Pressure ulcer, pressure and flow motion

Zhenyong Li, Wing Cheung Eric Tam, Arthur F.T. Mak

Research output: Chapter in book / Conference proceedingChapter in an edited book (as author)Academic researchpeer-review


This article summarized some of our recently published works on the effects of epidermal pressure on skin flowmotion and discussed the implications to the development of pressure ulcer. Studies were conducted in 5 normal subjects and 5 persons with spinal cord injury (SCI). A series of animal studies were conducted using an established rat model. In the human subject study, external pressure of 16.0kPa was applied to the ischial tuberosity for 30 minutes. In anaesthetized rats, external pressure of 13.3kPa was applied to the trochanter area for 6 hours/day for 4 consecutive days. The normalized amplitude of the metabolic component (0.01-0.02 Hz) and neurogenic component (0.02- 0.06 Hz) for persons with SCI was found to be significantly lower during the resting (F=5.26, p=0.032) and post loading conditions (F=5.44, p=0.029) respectively as compared with normal individuals. In anaesthetized rats, prolonged tissue compression induced significant decrease in the normalized amplitude in the frequency interval of 0.01-0.05 Hz in the trochanter area (p<0.001). These findings suggest that the contributions of endothelial related metabolic and neurogenic activities to the blood perfusion regulation became relatively less for persons with SCI during the resting and post loading periods respectively. Also prolonged compression might induce endothelial damage and affect the endothelial related metabolic activities.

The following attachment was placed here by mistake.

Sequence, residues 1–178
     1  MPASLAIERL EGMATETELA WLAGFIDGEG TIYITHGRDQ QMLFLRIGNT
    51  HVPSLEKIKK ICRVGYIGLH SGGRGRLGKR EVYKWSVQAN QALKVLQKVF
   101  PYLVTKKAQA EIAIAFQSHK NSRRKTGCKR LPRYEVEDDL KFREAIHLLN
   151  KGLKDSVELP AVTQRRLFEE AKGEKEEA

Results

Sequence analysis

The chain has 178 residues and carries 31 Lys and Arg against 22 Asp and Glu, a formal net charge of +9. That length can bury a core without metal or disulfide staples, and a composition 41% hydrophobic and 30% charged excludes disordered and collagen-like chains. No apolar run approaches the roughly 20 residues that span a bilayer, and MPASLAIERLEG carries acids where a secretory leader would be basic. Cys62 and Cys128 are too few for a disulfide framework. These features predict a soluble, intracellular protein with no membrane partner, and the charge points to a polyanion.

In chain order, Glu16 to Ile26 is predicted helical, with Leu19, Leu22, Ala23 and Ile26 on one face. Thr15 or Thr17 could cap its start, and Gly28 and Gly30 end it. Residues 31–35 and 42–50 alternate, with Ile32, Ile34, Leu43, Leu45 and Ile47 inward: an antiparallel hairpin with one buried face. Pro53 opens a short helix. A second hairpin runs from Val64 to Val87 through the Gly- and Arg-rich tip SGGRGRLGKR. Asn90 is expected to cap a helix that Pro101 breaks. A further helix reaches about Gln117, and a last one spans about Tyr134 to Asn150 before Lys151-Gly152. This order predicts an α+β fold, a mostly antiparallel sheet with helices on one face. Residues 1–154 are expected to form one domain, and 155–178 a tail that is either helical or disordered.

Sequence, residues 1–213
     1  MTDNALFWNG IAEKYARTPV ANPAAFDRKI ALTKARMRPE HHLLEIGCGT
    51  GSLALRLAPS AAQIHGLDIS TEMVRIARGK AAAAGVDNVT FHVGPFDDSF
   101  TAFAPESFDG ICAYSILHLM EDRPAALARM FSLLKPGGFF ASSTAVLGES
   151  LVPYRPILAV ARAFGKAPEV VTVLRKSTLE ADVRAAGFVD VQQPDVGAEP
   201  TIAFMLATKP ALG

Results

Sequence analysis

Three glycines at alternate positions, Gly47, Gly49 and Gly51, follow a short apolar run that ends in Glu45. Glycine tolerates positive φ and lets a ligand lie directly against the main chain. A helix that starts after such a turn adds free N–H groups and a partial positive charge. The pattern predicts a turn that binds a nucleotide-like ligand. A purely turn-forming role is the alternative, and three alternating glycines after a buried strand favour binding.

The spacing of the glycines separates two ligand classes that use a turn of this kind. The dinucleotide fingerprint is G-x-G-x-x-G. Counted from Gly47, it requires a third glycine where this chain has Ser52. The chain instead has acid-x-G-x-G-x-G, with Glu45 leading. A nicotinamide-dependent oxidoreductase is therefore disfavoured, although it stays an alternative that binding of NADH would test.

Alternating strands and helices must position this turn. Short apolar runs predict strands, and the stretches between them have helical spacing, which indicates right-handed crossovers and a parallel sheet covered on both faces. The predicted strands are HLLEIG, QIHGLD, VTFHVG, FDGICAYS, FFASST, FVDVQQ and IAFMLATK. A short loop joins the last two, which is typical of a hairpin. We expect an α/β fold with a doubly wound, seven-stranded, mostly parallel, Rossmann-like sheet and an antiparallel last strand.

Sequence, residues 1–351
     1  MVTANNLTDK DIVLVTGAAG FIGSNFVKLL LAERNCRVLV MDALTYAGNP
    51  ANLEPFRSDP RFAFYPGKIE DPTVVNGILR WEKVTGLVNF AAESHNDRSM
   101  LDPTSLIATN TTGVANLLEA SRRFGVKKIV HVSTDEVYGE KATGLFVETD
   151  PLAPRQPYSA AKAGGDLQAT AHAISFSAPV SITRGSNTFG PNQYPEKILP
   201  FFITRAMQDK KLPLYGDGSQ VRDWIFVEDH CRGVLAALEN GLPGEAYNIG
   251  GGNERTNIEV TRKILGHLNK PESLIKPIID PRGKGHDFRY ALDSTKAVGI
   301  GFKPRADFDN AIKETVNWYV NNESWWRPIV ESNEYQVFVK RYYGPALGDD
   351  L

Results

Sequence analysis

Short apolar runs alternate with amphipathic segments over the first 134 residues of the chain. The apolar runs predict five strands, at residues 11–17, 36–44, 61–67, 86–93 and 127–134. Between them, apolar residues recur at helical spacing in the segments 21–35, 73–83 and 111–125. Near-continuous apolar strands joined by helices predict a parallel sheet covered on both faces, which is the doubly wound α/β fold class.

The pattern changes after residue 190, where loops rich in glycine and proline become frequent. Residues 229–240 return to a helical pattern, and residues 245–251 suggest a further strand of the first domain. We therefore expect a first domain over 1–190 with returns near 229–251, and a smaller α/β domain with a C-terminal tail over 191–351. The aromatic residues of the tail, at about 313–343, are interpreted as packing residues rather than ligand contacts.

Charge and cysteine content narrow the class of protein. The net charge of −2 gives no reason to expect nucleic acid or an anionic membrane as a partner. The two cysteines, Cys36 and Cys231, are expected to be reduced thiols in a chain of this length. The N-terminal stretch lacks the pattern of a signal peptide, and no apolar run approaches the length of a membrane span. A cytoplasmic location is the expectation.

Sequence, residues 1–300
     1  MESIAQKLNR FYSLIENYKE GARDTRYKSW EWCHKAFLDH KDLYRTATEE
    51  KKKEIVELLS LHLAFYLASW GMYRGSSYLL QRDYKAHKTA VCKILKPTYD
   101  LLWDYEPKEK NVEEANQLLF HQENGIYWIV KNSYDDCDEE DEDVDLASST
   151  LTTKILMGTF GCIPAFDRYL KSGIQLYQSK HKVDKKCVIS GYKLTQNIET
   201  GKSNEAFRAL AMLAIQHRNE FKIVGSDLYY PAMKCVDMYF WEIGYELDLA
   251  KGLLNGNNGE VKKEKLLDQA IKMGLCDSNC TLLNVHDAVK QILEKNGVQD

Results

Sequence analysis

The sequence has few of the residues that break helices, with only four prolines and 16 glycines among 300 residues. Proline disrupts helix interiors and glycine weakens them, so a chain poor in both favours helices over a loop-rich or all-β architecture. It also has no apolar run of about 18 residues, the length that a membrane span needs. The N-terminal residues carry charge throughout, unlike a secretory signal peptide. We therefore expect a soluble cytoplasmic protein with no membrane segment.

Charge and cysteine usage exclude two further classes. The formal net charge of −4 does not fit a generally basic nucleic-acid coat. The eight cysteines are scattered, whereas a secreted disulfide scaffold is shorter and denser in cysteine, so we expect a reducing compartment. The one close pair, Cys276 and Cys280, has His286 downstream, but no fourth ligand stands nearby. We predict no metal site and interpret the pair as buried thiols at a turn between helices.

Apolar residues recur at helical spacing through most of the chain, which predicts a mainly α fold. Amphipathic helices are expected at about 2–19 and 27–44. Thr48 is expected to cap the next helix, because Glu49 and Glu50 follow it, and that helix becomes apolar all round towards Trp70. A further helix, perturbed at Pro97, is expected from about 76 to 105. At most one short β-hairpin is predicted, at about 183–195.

Original languageEnglish
Title of host publicationTributes to Yuan-Cheng Fung on his 90th Birthday
Subtitle of host publicationBiomechanics: From Molecules to Man
PublisherWorld Scientific Publishing Co.
Number of pages12
ISBN (Electronic)9789814289955
ISBN (Print)9789814289870, 9814289876
Publication statusPublished - 1 Jan 2009

ASJC Scopus subject areas

  • General Biochemistry,Genetics and Molecular Biology
  • General Medicine


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